Drew Weissman, MD, PhD, is a world-renowned physician and researcher at Penn Medicine, best known for his contributions to RNA biology and the COVID-19 vaccines. He and co-collaborator Katalin Karikó, PhD, invented the modified mRNA technology being used in Pfizer-BioNTech and Moderna's vaccines to prevent COVID-19.
More than 15 years ago at Penn Medicine, Weissman and Karikó found a way to modify mRNA and later developed a delivery technique to package the mRNA in fat droplets called lipid nanoparticles. This ensured that it could reach the proper part of the body and trigger the immune system to fight disease.
These laboratory breakthroughs made mRNA safe, effective, and practical for use as a vaccine against COVID. The Pfizer-BioNTech COVID-19 vaccine received FDA approval in August 2021, and the Moderna COVID-19 vaccine has been authorized by the FDA for emergency use.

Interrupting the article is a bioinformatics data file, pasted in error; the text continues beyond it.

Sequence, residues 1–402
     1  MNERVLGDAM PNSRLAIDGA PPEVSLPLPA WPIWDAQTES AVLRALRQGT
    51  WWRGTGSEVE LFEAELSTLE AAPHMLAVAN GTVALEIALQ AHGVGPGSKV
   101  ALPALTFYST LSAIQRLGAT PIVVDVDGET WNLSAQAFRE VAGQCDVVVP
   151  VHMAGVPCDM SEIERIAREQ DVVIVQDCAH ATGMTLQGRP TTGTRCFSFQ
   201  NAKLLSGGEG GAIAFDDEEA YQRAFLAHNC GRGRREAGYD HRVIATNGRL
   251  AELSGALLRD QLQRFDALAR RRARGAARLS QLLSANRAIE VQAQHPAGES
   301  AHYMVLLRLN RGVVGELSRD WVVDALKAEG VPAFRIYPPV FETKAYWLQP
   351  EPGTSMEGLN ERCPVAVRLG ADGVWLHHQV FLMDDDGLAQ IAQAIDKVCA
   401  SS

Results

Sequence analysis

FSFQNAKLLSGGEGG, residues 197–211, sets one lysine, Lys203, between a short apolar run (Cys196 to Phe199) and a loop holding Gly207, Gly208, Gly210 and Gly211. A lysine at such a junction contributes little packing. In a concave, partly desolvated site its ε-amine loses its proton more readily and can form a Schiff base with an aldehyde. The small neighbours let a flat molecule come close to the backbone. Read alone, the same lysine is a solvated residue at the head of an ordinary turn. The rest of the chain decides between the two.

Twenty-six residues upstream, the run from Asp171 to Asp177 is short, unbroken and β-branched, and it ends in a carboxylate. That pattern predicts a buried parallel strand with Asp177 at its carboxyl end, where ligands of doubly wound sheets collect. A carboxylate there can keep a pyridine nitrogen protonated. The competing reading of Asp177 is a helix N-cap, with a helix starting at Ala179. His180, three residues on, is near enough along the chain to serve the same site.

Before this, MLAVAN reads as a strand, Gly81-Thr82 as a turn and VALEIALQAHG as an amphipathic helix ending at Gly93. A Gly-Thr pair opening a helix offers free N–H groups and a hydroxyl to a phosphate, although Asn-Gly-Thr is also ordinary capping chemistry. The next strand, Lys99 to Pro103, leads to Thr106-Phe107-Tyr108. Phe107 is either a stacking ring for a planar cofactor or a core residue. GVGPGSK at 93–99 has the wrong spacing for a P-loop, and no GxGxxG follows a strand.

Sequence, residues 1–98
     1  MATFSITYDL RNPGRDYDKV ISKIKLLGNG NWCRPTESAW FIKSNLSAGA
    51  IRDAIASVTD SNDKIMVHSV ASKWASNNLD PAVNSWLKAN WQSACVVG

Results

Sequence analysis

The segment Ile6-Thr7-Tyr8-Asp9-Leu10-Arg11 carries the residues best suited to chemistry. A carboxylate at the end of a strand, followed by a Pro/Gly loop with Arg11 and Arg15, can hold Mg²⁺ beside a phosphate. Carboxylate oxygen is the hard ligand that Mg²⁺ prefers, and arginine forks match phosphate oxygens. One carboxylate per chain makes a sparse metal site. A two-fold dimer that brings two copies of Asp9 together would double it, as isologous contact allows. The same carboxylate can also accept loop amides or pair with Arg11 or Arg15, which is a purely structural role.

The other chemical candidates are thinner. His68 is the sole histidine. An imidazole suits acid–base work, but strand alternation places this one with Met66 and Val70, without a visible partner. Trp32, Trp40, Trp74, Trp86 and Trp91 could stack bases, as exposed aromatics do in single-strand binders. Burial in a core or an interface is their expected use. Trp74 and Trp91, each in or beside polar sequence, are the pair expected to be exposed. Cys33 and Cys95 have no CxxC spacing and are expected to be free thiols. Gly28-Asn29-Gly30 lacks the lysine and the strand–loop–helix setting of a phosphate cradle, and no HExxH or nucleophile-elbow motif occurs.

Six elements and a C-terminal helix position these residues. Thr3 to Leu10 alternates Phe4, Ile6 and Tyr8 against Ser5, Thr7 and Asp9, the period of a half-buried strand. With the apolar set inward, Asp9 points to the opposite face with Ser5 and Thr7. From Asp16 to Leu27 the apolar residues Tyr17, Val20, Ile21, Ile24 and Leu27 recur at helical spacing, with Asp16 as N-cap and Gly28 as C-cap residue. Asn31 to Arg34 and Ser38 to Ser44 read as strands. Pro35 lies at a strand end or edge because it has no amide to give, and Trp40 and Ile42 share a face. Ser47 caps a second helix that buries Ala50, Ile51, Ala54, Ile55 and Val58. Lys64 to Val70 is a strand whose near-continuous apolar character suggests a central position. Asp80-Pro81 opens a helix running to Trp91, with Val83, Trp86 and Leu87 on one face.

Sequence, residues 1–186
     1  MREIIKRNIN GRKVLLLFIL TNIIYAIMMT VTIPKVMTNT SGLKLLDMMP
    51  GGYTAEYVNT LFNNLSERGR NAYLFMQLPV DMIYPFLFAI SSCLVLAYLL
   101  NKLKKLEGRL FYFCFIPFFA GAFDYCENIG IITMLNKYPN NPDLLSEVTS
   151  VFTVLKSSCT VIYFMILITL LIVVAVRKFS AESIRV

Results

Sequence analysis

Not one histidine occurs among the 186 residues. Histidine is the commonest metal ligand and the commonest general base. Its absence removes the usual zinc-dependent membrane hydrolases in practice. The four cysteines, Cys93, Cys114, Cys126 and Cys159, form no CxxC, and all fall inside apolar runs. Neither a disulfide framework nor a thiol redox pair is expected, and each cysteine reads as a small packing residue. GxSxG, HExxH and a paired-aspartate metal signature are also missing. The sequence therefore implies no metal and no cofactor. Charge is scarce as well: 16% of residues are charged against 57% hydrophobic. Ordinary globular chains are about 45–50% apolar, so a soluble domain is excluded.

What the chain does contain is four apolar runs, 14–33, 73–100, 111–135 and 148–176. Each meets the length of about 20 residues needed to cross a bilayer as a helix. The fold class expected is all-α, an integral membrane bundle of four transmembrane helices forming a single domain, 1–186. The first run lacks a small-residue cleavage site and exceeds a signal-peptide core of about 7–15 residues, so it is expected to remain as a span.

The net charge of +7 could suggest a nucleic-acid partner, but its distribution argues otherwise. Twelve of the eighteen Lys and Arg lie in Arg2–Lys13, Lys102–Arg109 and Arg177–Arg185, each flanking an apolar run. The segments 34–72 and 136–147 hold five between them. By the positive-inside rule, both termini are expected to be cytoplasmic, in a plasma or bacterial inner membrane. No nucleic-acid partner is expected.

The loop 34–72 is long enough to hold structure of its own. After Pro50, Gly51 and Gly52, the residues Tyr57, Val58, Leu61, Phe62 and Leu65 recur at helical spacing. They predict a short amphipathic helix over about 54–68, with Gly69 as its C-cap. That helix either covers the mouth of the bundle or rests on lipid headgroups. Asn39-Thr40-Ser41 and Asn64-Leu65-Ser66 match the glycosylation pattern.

Dr. Weissman and his team are currently at work on a pan-coronavirus vaccine to stop the next coronavirus epidemic, a universal flu vaccine, and a vaccine to prevent herpes. They are working with Penn colleagues to develop cancer therapeutics with mRNA technology. Weissman's lab is also developing a SARS-CoV-2 mRNA vaccine with Chulalongkorn University in Thailand to help residents of Thailand and other surrounding nations with fewer financial resources than the United States access lifesaving vaccines.
Before joining Penn in 1997, Weissman was a fellow at the National Institutes of Health studying HIV in the lab of Dr. Anthony Fauci. Weissman received his bachelor's degree and master's degree from Brandeis University. He earned his MD and PhD from Boston University and completed his residency at Beth Israel Hospital.
Read a Q&A with Dr. Weissman about mRNA vaccines